They claim: "Toronto falling behind pack in averting bicycle collisions, data reveals". Well, the data doesn't reveal that since you haven't compared the number of cyclists and bike trips over time and between cities. What are the cycling populations in each city? Have the number of bike trips grown or not?

New trails proposals: much improved but gaps still exist

City Transportation staff are developing a trails report and asking the public to review the proposed trail connections for Toronto before the report is submitted to Public Works and Infrastructure Committee. The open house will be in North York, 40 Orchard View Blvd (1 block north of Eglinton and west of Yonge), Monday February 6, 2012, 5:30 to 7:30pm) or comment via Facebook.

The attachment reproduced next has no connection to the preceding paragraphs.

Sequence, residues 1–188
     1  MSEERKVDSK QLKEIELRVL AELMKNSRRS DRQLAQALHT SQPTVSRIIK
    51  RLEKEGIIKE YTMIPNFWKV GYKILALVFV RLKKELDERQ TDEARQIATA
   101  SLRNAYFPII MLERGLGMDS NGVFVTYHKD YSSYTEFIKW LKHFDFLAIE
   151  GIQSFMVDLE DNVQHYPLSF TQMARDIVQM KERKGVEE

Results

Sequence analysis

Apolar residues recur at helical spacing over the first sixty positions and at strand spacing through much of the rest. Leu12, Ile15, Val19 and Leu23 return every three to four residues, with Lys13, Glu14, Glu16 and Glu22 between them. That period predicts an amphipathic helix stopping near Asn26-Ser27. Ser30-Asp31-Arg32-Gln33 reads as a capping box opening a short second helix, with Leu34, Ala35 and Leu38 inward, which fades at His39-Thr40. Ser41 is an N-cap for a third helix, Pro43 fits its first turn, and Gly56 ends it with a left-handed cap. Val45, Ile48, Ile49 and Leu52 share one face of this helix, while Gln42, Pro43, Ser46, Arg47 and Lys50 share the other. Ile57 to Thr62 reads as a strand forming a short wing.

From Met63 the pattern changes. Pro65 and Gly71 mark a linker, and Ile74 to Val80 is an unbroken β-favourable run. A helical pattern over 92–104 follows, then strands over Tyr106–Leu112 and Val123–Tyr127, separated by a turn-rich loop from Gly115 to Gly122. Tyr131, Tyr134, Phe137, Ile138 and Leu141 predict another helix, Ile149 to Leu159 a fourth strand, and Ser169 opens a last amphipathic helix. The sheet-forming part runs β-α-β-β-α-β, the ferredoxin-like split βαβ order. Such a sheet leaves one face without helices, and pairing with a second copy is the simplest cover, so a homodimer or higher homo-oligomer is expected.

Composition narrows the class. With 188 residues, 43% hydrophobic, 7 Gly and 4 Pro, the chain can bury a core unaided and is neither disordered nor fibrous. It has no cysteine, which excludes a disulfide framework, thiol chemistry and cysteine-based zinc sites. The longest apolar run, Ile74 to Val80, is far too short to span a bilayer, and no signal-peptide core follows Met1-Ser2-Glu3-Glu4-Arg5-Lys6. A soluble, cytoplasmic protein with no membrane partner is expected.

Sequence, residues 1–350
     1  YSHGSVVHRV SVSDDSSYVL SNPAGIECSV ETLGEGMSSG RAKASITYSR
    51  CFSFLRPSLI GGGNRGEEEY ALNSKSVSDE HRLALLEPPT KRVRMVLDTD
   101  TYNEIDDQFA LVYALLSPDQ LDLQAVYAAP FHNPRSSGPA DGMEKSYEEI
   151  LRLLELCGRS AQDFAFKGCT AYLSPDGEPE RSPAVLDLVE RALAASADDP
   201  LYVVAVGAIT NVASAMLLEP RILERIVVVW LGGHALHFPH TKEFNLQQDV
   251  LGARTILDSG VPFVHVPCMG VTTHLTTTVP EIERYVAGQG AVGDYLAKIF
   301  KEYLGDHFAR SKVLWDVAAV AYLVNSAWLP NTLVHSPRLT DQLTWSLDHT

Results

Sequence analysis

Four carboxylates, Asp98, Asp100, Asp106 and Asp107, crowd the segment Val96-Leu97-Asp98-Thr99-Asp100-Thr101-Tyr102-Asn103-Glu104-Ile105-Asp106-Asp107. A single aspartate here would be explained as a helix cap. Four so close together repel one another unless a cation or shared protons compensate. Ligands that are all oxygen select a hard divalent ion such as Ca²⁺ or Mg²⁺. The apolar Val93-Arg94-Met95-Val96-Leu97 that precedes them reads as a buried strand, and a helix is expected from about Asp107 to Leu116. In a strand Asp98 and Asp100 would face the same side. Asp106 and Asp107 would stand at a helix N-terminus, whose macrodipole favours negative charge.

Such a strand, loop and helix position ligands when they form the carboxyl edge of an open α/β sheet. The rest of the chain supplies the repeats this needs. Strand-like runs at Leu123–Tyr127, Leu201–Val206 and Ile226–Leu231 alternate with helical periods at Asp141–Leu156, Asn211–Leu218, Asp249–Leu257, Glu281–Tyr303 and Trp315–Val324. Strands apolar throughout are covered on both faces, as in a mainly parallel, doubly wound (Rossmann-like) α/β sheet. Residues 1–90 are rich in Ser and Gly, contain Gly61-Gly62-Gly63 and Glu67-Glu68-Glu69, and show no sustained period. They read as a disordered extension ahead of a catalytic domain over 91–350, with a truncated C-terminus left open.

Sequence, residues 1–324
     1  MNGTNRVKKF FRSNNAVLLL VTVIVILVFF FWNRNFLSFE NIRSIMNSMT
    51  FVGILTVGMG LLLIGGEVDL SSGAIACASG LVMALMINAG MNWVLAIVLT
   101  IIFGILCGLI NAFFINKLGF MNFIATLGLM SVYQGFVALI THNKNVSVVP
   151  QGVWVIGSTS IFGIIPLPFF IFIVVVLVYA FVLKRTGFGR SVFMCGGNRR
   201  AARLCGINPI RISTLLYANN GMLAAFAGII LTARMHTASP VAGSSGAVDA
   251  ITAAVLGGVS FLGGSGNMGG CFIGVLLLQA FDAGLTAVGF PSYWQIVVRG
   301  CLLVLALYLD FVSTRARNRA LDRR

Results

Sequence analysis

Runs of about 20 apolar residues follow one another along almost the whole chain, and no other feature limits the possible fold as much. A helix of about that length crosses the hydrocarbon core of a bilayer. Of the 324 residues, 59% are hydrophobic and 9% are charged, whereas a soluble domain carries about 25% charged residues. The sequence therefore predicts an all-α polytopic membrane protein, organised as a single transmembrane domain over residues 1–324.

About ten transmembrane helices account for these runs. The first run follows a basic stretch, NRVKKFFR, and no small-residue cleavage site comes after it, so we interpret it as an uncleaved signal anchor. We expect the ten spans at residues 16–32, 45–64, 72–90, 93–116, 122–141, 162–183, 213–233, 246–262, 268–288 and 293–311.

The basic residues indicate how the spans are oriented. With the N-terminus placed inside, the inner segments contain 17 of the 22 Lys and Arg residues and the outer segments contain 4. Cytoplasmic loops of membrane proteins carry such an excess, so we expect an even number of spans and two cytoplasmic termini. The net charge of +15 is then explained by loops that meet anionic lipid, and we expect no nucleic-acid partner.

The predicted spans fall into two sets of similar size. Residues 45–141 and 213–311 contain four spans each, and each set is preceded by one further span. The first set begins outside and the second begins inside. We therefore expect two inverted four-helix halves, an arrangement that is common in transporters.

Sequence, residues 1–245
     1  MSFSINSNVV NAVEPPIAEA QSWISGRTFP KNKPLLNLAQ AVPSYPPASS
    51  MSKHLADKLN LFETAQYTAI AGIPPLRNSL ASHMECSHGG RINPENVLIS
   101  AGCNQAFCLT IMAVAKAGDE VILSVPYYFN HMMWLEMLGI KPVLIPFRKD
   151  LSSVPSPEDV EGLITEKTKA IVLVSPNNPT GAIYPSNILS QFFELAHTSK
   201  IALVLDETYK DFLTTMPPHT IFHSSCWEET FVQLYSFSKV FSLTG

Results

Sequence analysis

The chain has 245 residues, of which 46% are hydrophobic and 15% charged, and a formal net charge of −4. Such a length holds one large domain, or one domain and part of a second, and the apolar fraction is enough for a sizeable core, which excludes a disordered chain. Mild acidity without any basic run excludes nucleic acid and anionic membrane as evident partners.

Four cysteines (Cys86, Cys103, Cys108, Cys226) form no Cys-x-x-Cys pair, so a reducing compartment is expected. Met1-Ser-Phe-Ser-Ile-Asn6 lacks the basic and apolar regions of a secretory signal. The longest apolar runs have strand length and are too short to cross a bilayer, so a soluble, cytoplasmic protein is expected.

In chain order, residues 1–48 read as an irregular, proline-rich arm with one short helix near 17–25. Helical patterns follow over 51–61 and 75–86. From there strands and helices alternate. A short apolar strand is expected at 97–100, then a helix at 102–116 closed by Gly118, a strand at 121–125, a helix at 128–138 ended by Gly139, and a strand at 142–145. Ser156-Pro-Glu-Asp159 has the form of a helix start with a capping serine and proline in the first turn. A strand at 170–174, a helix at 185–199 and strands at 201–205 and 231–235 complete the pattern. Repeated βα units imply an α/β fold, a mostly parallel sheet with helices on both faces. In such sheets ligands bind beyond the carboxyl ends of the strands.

Our new mayor made the bike trails the primary focus of bicycle infrastructure. It's exciting that we might have more bike trails in our City! But let's not give the mayor too much credit. The vast majority of these connections were identified in the 2001 Bike Plan. What the mayor did was make these trails a priority over the rest of the bikeway network. In fact, the mayor has supposedly scrapped the Bike Plan because he claims that the roads are no place for bikes (or streetcars for that matter).

Sherbourne separated bike lane proposal received to strong support

City Transportation staff presented their vision of an improved Sherbourne Street for cyclists. The cyclists were pleased and there did not seem to be much political opposition from any group with the left mostly on side and with Councillor Minnan-Wong on board. You can view all the presentation slides now.

When determining how to best separate cyclists from motorists, City staff needed to take into account that it would still need to be permeable. Their design considerations included:

  • A rolled curb will separate the bike lane from the vehicle lanes
  • Bikes may enter and exit the cycle tracks